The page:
Are Seminaries Putting Their Blue Days Behind Them?
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  • Jim Luebke

    So, has no one in any of these church hierarchies hit upon the notion of
    requiring missionary work and outreach of all of their graduates?

    The financial problems are really the least of it. Nothing could be more in line with the teachings of Christ — “Go and make disciples of all nations!”

    As long as some Christian denominations buy into the idea that one should be quiet about one’s religion — that one should treat it as “no better than anyone else’s”, that one should never speak of it in public, that one should hide the light of the Gospel under a bushel to be a “good citizen” — those Christian denominations will have trouble.

    It’s the evangelizing denominations that are thriving. Why is it so hard for mainline churches to see this?

  • Anthony

    “Christianity is going to have to be more of a mission and less of a profession in the future.” Timely insight day before Easter Sunday; also, I had not made Blue Model U.S. ecumenical comparison or connection but your analysis makes apparent similarities – thanks WRM.

  • Michelle

    Yes, indeed–we’re separating the sheep from the goats these days, aren’t we?

  • It may be that future ministers will learn the trade the way Peter learned from Jesus and Timothy from Paul: they watch the masters at work, and start their own pastoring careers under the supervision of someone they respect.

    As a seminary student (pursing an “academic” degree), such changes will be most welcome. I attend a conservative seminary, the likes of which tend to be poorer overall. Following the traditional model has led to a tuition-based model where the only way to pay the bills is to accept a wide range of students.

    Achieving this, of course, requires that the academic standards be lowered or all together waived. I love my peers as brothers in Christ, but some of them are cut out for neither ministry nor scholarship. Returning to a mentor-like relationship between students and pastors–something seminaries pay lip-service to quite regularly–will not only reduce costs, it will provide what the current academic model cannot: the all essential character growth necessary for any pastor to be more than a second-tier historian.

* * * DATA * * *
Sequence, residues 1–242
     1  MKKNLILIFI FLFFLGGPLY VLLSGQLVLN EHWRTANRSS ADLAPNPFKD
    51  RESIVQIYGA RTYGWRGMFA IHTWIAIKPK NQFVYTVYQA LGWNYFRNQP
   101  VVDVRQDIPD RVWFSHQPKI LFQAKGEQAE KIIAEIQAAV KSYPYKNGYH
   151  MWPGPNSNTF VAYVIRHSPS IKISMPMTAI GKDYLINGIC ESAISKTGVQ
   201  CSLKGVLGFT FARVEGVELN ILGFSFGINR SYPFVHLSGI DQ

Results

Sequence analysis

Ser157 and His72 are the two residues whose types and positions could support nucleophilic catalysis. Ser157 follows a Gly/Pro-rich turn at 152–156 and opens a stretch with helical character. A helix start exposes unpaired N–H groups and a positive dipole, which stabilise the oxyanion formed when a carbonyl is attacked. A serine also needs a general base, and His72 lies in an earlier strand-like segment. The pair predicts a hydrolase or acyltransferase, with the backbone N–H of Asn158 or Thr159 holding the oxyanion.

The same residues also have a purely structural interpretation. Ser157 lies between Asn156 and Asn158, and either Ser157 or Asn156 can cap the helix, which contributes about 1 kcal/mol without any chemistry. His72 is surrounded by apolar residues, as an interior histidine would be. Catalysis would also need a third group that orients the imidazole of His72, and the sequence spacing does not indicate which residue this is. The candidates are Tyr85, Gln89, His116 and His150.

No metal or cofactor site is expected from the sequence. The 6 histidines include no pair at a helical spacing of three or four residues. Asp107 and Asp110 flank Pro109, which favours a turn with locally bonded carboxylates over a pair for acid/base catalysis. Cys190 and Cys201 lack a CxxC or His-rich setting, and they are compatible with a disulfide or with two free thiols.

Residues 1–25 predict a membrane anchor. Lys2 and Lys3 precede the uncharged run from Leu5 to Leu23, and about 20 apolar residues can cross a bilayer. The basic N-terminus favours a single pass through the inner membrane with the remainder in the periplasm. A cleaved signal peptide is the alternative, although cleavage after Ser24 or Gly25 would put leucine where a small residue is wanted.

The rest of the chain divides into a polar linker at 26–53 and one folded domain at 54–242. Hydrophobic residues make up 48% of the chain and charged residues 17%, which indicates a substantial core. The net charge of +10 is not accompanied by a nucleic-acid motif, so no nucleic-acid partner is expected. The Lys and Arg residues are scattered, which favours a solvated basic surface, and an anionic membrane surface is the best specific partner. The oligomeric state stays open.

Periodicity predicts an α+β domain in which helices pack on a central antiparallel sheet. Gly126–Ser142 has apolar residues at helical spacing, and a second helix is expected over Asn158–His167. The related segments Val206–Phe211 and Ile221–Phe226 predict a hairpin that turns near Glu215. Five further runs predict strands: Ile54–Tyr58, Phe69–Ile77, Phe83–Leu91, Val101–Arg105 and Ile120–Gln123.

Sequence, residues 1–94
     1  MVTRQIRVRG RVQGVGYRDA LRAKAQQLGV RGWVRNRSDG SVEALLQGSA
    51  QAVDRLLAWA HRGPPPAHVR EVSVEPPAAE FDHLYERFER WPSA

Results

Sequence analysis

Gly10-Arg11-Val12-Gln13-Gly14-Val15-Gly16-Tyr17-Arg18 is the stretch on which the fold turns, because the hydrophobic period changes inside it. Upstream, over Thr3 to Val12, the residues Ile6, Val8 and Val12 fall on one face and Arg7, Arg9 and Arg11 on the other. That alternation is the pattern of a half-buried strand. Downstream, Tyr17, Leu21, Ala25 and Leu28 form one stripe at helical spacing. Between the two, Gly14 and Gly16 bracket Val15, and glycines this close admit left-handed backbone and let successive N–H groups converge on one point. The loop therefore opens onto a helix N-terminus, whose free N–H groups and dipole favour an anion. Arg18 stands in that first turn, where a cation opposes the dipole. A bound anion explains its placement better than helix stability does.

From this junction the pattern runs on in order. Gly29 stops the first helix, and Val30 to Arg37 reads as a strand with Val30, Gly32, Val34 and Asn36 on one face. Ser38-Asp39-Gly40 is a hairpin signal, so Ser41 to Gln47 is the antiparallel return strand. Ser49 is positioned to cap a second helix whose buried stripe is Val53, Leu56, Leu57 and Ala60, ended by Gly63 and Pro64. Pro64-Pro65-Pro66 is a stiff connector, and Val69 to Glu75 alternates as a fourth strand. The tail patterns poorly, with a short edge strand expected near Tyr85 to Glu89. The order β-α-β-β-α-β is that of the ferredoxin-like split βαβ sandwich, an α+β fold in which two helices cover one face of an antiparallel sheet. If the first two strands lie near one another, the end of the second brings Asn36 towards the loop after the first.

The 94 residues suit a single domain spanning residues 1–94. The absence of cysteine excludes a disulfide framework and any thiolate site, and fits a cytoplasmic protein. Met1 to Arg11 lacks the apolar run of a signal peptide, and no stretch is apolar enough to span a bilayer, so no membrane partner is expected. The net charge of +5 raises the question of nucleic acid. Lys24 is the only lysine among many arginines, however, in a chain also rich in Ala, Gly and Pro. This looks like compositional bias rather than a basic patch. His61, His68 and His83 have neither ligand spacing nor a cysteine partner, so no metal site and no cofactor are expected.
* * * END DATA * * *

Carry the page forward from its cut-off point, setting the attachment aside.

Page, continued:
On a related note, seminarians need to pursue a good literary degree for their undergraduate work, studying both ancient languages and poetry. Such studies would prepare them for pastoral work and scholarship far more than seminaries currently do, and would greatly facilitate an overhaul to a mentor-based system.

  • I remember taking some courses at Union Theological Seminary in the 1990’s to pass the time awa while undergoing radiation therapy. The things that struck me most, besides canons of political correctness, were the sexual abandon of the place (mostly homosexual) and the skimpy academics standards maintained: here were graduated students reading student anthologies composed of one and two page excerpts from the classics, a few tens of pages of total reading per week. The only sect upholding any traditional standards at all, moral and academic, turned out to be the Unitarians!

    What is the world coming to I thought to myself. (

  • As a veteran of 151 graduate and undergraduate units of online education, while working full time, there should be more innovation in the seminary. A shift to online education would precisely fit the needs of the nontraditional student. If clergy will need a trade to support a family (an argument for unmarried clergy–they are cheaper) while also serving a congregation, then the new pastors are going to have to come from those who are called later in life and are able to support themselves. Not all courses can nor should be taught online, but a certain fraction over them certainly can be–e.g., Bible, theology, history, even languages.

    As far as these nontraditional students go, I received my MA in Jewish Studies from Gratz College, a Jewish teacher’s college that trains educators for Jewish schools and also runs an online MA program in Jewish Studies, and an MBA from University of Nebraska-Lincoln; I found the nontraditional online students more committed to their education, than I experienced in brick and mortar classrooms. They also bring a maturity to the discussions that is lacking in brick-and-mortal institutions serving a younger population.

    I am taking courses now at a seminary that is partially online, as a non-degree seeking student, because I need graduate units in New Testament and Greek before starting a PhD in Biblical Studies. I’ve found the students to be highly engaged online. The student population is highly diverse, which in my book is a feature not a bug. Although the institution is Evangelical, the students range from Mormon and Catholic to Mainline Protestant to various flavors of Evangelicals. This leads to quite spirited debate at times, again theological diversity is a feature not a bug. It sharpens dogmatics and apologetics. It also improves sensitivity to difference. “Papist” hasn’t been used since the first week in class!

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